In previous years, a phone call of suspicious driving has been utilized in catching drunk drivers nationwide, but as the United States Supreme Court looks further into this, debate on the legality has escalated tremendously.
The specific incident sparking this argument transpired recently after a 911 dispatcher received a telephone call from a California female claiming another vehicle ran the caller off the road thus providing her reasonable doubt that the driver was under the influence of illegal substances and/or alcohol. From this suspected behavior, local officers traced, followed and pulled the alleged automobile over.
Other information pertinent to the case, which was revealed later, indicated that the driver wasn’t in fact driving suspiciously; however police still pulled the car over. The stop transpired into a DUI arrest where the officer believed sufficient evidence was present, warranting the arrest.
The Supreme Court argues that the tip was reason enough to pull the vehicle over, but critics disagree, explaining this is an infringement of our basic fourth amendment rights, protecting U.S. citizens from unreasonable searches and seizures.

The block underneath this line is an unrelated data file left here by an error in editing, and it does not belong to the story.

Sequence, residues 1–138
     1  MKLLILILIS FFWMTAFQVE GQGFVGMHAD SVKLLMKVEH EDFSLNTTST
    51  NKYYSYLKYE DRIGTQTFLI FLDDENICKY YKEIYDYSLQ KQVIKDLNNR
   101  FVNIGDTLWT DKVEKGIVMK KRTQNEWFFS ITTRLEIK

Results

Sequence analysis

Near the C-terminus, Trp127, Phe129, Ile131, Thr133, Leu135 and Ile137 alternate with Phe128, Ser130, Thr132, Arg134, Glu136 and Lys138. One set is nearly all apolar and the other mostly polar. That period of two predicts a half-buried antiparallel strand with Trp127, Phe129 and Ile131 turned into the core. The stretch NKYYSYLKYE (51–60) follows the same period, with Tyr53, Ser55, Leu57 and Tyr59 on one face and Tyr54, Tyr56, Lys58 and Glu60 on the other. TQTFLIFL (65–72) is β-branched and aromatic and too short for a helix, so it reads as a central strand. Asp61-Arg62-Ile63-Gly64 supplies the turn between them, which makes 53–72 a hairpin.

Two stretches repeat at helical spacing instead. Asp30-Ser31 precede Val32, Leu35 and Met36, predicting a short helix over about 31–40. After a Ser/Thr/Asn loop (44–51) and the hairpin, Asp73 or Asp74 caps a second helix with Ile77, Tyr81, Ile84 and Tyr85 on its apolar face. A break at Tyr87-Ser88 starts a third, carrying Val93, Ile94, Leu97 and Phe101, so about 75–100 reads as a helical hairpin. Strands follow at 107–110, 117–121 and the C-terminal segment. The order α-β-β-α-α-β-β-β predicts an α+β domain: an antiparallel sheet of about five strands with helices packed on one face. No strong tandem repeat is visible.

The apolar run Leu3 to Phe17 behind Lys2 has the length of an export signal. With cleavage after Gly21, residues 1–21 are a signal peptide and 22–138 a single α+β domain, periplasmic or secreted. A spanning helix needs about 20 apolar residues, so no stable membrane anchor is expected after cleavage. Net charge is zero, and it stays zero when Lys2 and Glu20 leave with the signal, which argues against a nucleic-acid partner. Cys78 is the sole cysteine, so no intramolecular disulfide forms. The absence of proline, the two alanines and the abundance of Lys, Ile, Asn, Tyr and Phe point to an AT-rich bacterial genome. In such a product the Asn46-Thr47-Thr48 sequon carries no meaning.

Please take note, it’s obvious officers cannot pull anyone over just because they feel like it; they need just cause, which is why Supreme Court is debating whether or not the tip provided adequate evidence.
The legal holding is vital due to the fact that Supreme Court rulings affect California as well as America entirely. The amount of officers pulling citizens over based on anonymous tips is on the rise. Is this constitutional? The resolution has yet to be determined.
The Fourth Amendment plays an essential role in this case. Keep in mind that the officer was just doing his job to keep the California streets safe from preventing any and all accidents caused or related to drinking and driving.
With that being said, the police must be able to defend any arrests with sufficient evidence to back up all claims including physically observing swerving, speeding as well as driving recklessly. If the officer did not witness these acts personally, is he able to utilize an anonymous tip from a stranger to track down a car and pull them over? What gives this anonymous caller credibility? Who this caller is could be a determining factor on whether to take the call seriously or not. Unfortunately, it’s anonymous, meaning the dispatcher doesn’t know who is on the other line, which is precisely what the Supreme Court is currently deciphering.
The court did provide stipulation, and said that most tips rarely provide just cause. Therefore, anyone charged with a DUI solely based on a tip should seek legal counsel immediately to review the case and confirm their legal rights are protected.
The Supreme Court will continue to debate this issue until a decision arises. Until then, the only line of defense California residents and American citizens alike have are to avoid drinking and driving at all costs. Remember to always have a designated driver or a predetermined strategy to avoid an officer suspecting suspicious behavior.